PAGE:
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United States v. Urena


September 11, 2008


The opinion of the court was delivered by: John F. Keenan, United States District Judge

Memorandum Opinion & Order

Defendant Jose Urena ("Urena") has sent letters to the Court requesting appointment of counsel to help him raise various challenges to his conviction and sentence and to move for a reduction in sentence pursuant to 18 U.S.C. § 3582(c)(2). For the reasons that follow, the request is denied.

Urena was convicted by a jury on February 22, 2000 for trafficking in and conspiring to traffic in cocaine, crack cocaine and heroin, in violation of Title 21 U.S.C. §§ 841, 846, and 851.

Sentencing was held on February 14, 2001 before the late Judge Schwartz. The Court determined that the evidence at trial-which included testimony from Eddie Sanchez, a cooperating witness, Urena's common law wife, and a detective to whom Urena sold heroin-overwhelmingly established that Urena's activities involved more than one but less than three kilograms of heroin. This amount of heroin corresponded to a base offense level of 32 under the United States Sentencing Guidelines ("U.S.S.G." or "the Guidelines"). The Court upwardly adjusted Urena's offense level to a level 35 based upon its finding that he acted as a manager or supervisor. The Court then determined that he was a career offender, triggering a Criminal History Category of VI and an offense level of 37 pursuant to U.S.S.G. § 4B1.1. This yielded an applicable guideline range of 360 months to life. However, the Court granted Urena's request for a downward departure based on various factors, including his youth and the fact that a co-conspirator with a less serious criminal history received a sentence of only 210 months. The Court sentenced Urena to 270 months in prison, to be followed by a ten-year term of supervised release.

Urena's judgment of conviction was affirmed by the United States Court of Appeals for the Second Circuit, and his application for a writ of certiorari was denied on June 28, 2002.

On July 14, 2003, Urena filed a petition pursuant to 28 U.S.C. § 2255. The Court denied the petition as untimely under the one-year deadline established by the Antiterrorism and Effective Death Penalty Act ("AEDPA"). Urena then filed two motions asking the Court to reconsider the denial of his § 2255 petition. These motions were denied on January 10, 2007 and March 27, 2007. On February 8, 2008, the Second Circuit denied Urena a certificate of appealability from the order denying his § 2255 petition.

In a letter to the Court dated August 18, 2008, Urena requests that an attorney be appointed to help him prove that he is not a career offender, that he did not play a managerial or supervisory role in the conspiracy, that the offense involved less than a kilogram of narcotics, and that "Sanchez lied." Presumably, these arguments would be offered in support of a second or successive § 2255 petition. I would deny such a petition because Urena has not obtained an order from the Second Circuit authorizing me to consider it, as required by 28 U.S.C. § 2255(h). Because the unauthorized § 2255 petition would lack any merit, the interests of justice do not require that counsel be appointed. See 18 U.S.C.A. § 3006A.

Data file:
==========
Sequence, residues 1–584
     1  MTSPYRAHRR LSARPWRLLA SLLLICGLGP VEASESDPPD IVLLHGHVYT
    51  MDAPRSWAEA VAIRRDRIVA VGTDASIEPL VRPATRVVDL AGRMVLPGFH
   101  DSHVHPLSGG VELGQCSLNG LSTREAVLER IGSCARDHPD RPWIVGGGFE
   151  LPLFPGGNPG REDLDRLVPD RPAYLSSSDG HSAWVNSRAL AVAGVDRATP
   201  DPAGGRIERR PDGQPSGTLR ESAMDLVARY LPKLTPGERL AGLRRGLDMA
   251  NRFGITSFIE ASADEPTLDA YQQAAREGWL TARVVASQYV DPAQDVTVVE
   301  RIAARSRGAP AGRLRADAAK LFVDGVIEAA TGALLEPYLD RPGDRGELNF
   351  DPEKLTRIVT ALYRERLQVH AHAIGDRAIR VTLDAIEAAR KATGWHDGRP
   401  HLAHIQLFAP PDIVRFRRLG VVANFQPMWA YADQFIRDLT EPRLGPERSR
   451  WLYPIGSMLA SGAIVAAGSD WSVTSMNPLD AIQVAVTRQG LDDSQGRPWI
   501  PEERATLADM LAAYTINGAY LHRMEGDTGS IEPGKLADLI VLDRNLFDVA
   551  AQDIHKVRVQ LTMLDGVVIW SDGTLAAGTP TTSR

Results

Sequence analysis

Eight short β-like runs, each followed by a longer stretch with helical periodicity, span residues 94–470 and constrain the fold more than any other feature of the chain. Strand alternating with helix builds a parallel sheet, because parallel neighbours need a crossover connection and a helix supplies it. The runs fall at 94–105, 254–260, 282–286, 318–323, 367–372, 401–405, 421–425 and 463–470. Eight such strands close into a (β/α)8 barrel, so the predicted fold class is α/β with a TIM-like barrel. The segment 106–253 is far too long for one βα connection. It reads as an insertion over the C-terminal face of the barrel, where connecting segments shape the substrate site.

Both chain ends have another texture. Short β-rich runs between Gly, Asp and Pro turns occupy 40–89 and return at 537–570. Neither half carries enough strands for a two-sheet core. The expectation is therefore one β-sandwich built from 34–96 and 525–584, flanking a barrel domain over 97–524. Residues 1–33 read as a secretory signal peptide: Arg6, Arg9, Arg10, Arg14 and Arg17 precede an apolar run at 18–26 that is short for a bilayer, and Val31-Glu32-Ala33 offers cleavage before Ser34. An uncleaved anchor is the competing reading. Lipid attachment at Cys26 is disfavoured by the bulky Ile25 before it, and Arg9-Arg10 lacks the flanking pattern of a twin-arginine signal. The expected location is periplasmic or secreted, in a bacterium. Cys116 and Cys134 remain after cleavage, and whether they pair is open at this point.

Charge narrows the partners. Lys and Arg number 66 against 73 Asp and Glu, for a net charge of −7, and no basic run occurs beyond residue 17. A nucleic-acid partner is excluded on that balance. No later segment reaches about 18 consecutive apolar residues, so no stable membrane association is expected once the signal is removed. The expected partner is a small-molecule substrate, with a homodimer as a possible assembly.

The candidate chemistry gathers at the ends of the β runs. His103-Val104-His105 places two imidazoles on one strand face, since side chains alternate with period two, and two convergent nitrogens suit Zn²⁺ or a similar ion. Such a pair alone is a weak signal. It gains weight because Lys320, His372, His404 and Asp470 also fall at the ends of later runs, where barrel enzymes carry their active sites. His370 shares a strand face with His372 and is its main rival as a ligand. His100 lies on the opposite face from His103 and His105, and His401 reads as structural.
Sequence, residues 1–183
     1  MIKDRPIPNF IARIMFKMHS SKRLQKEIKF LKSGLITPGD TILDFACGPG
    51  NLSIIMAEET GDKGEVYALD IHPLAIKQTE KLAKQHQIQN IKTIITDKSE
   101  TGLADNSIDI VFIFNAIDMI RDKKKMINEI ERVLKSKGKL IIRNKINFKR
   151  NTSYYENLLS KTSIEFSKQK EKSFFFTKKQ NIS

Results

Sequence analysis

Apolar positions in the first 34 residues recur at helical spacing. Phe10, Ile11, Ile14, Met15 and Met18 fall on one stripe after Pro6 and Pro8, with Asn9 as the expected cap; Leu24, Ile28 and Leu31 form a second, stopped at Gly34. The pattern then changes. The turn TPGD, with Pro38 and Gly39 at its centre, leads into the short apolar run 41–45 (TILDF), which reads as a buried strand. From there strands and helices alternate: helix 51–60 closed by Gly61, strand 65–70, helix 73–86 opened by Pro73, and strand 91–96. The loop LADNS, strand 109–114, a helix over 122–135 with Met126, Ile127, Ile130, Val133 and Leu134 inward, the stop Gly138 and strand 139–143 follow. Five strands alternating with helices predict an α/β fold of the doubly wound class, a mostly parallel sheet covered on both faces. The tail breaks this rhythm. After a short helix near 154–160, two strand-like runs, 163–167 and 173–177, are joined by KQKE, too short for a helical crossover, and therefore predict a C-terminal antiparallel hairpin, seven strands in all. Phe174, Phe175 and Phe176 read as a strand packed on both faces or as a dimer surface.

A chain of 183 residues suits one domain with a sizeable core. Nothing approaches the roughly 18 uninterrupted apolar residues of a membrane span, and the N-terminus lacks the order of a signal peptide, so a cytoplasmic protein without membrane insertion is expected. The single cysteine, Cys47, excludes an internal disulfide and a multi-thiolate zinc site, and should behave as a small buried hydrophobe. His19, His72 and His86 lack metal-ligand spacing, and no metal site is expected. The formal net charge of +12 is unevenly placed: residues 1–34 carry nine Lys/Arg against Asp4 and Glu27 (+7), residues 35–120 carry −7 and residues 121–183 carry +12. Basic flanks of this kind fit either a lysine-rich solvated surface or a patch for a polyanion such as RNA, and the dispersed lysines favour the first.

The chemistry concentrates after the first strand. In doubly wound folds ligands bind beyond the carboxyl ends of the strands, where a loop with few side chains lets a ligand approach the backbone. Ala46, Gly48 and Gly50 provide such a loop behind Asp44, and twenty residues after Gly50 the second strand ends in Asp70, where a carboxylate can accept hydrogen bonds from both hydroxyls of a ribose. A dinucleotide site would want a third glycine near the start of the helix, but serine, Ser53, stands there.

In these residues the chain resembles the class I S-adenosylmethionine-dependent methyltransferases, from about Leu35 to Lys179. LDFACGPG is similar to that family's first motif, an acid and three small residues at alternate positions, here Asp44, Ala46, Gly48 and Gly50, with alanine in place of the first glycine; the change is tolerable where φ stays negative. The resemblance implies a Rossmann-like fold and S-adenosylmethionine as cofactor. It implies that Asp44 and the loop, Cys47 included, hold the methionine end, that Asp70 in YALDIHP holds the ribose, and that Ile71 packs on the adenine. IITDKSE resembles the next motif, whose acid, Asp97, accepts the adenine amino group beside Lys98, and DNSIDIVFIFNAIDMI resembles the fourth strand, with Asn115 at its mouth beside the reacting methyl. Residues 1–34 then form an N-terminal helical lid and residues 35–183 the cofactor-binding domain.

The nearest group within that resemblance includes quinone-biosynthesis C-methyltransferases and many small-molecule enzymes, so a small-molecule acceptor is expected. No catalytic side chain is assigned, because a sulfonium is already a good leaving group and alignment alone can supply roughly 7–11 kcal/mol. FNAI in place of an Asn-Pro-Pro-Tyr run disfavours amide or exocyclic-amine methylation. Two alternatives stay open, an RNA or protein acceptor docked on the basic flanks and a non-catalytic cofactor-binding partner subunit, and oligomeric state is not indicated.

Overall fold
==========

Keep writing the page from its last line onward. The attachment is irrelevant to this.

In an earlier letter, Urena requested that counsel be appointed to assist him in seeking a sentence reduction pursuant to 18 U.S.C. § 3582(c)(2) and the recent retroactive amendment to the Guidelines providing for a reduction in the base offense levels for crack cocaine offenses. Urena has not yet filed a motion to reduce his sentence.

The appointment of counsel in connection with a motion for a sentence reduction is within a district court's discretion. United States v. Reddick, 53 F.3d 462, 465 (2d Cir. 1995). "The apparent merits of the motion [are] a significant factor in the exercise of that discretion." Id. at 465 n.2.; see also Carmona v. U.S. Bureau of Prisons, 243 F.3d 629, 632 (2d Cir. 2001) (appointment of counsel depends on factors including the substance of the claim and the complexity of the factual and legal issues involved).

The record shows that the Court computed Urena's offense level based upon the amount of heroin, and not crack cocaine, involved in the charged conspiracy. (Sent. Tr. (dckt. no. 180) at p. 33.) It therefore appears that Urena would not be eligible for a sentence reduction under the recent crack cocaine amendment. 18 U.S.C. § 3582(c)(2); U.S.S.G. § 1B1.10(a) (reduction only authorized where retroactive application of the amendment would result in a lower applicable guideline range). Moreover, many defendants have filed pro se motions under this amendment without difficulty. The appointment of counsel to assist Urena with his motion is not warranted.

Accordingly, the application is denied.



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